What are the Consequences of the Failure of Mexican Public ELT?

Serious consequences of the failure of Mexican public ELT are: vast financial and human resources (much needed elsewhere) wasted on ineffective public ELT, underdevelopment of educational and occupational lives, a shortage of proficient English-users needed by Mexican higher education and Mexican business, and the widening of the socio-economic divide between the elite (who attend good private schools), and the rest of the populace (well over 90%) who attend public schools or lower ranking private schools).

There are other consequences, which may be less tangible but are equally serious, especially for the future of Mexican public ELT itself. These include what might be called affective consequences. Rajagopalan and Rajagopalan were previously cited in the introduction describing “the growing disenchantment [about English as a school subject] among students and teachers alike” in many Brazilian schools, and this disenchantment could be equally applied to many, perhaps most, Mexican state schools. Disenchantment with subjects and programmes is a serious condition for teachers and students, not only reflecting past and present experiences but also casting a shadow over future possibilities.

Johnson (2006), in a study of young adult Mexicans taking beginning English courses (yet again), this time at university, found that those who had more positive experiences in school English courses (even though they learned little English) and more favourable impressions of their English teachers did significantly better in their new attempt to learn English at university than those who had more negative experiences and more negative impressions of their teachers (p. 300). Ineffectual or bad ELT may do much more than just waste the time of students: it may reduce their chances of learning English in the future, or at least make future learning of English considerably more difficult.

Another consequence could, eventually, be that Mexican public ELT will suffer a total loss of credibility: why try to really learn English at school when you know you will eventually have to pay for courses in a language school. The teaching side of that coin would be: why try to really teach English at school when most of the students make little or no effort to learn. We may be closer to that situation than we would like to think.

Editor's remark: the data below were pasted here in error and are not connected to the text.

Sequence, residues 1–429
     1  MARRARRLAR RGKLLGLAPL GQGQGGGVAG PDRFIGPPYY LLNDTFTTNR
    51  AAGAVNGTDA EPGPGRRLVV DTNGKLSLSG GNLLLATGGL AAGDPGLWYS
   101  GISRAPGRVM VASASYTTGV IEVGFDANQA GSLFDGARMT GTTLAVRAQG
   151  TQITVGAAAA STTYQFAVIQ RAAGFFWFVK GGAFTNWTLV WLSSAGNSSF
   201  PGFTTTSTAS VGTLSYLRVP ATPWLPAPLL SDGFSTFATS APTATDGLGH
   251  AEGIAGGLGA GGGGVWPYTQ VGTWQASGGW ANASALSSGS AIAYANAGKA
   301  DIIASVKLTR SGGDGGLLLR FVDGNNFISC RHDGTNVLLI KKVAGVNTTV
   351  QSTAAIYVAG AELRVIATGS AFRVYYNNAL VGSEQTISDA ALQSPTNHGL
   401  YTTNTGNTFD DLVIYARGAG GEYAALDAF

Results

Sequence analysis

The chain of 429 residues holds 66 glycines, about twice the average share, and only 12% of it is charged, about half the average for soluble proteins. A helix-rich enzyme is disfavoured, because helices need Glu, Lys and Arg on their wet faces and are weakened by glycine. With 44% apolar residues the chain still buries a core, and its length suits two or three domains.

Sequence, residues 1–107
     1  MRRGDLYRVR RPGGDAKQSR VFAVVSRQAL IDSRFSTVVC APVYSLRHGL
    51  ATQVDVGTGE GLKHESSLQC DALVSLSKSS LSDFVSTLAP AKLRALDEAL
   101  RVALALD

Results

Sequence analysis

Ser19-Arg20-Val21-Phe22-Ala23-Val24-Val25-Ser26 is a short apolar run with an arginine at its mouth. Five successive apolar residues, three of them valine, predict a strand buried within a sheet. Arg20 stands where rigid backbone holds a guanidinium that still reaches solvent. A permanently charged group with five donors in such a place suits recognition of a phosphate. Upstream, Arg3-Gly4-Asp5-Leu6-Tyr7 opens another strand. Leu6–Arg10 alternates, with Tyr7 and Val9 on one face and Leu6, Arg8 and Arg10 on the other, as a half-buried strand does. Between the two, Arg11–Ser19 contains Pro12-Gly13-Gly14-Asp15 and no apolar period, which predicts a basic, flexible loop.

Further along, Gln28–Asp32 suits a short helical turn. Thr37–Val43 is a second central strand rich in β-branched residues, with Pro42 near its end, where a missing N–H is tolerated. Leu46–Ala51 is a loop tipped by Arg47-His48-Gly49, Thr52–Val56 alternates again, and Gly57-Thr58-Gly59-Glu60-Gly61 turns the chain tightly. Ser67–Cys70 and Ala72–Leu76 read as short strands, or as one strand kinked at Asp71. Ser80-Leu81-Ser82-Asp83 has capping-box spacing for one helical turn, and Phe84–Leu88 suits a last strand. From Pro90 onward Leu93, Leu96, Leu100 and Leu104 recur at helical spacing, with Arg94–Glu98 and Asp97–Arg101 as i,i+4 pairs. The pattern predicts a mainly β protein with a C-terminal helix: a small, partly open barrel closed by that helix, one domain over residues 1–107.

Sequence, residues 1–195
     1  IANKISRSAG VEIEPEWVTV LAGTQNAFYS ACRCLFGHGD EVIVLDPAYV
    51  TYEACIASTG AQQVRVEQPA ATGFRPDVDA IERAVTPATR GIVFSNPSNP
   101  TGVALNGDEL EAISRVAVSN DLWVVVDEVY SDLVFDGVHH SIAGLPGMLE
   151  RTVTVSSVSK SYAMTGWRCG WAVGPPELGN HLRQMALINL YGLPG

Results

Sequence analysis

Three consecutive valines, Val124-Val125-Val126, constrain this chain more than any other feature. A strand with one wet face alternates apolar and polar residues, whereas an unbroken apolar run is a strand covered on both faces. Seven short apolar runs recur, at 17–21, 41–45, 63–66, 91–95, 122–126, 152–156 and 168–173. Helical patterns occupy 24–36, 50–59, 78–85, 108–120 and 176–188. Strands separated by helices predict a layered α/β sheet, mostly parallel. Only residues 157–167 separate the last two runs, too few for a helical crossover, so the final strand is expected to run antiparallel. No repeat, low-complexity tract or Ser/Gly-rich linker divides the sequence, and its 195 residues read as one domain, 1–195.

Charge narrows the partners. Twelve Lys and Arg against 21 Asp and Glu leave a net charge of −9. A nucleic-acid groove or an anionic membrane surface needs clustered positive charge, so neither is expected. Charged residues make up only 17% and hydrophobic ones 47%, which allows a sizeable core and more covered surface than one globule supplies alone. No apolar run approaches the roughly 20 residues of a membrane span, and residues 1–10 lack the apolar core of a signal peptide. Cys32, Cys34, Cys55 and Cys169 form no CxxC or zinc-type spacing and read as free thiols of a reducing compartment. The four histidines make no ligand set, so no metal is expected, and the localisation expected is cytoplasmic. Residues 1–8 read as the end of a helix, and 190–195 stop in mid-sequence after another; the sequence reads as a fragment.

However, there is one kind of public ELT that is clearly much more effective than most, that actually competes successfully in the marketplace with commercial language schools in Mexico. University language centres are run like language schools and usually cater to the general public as well as to university students and staff. In these centres lies some comfort and some hope.

Why Does Most Mexican Public ELT Produce Very Poor Results?

Unquestionably and unsurprisingly conditions contribute significantly to the general failure of Mexican public ELT, especially in lower secondary, and primary schools: low student socio-economic status, large group size, poor classroom facilities, and low teacher competence. Based on the experience of running two 36-hour teacher training courses in Tamaulipas, a Mexican state bordering Texas, one course with seventeen private secondary school teachers and the other with seven state school teachers, Dietrich (2007) reported that the state school teachers worked with groups of between 30-50 students (the private school teachers generally with fewer), the state school students could often not afford the uniforms they were supposed to buy, some came to school having eaten little or no breakfast, some of the state schools had very rudimentary classrooms that let in rain, cold and noise (though other state schools had reasonably good, quite well-equipped classrooms), most of the students (in both state and private schools) lacked motivation, and most of the state school teachers confessed to using Spanish extensively in class.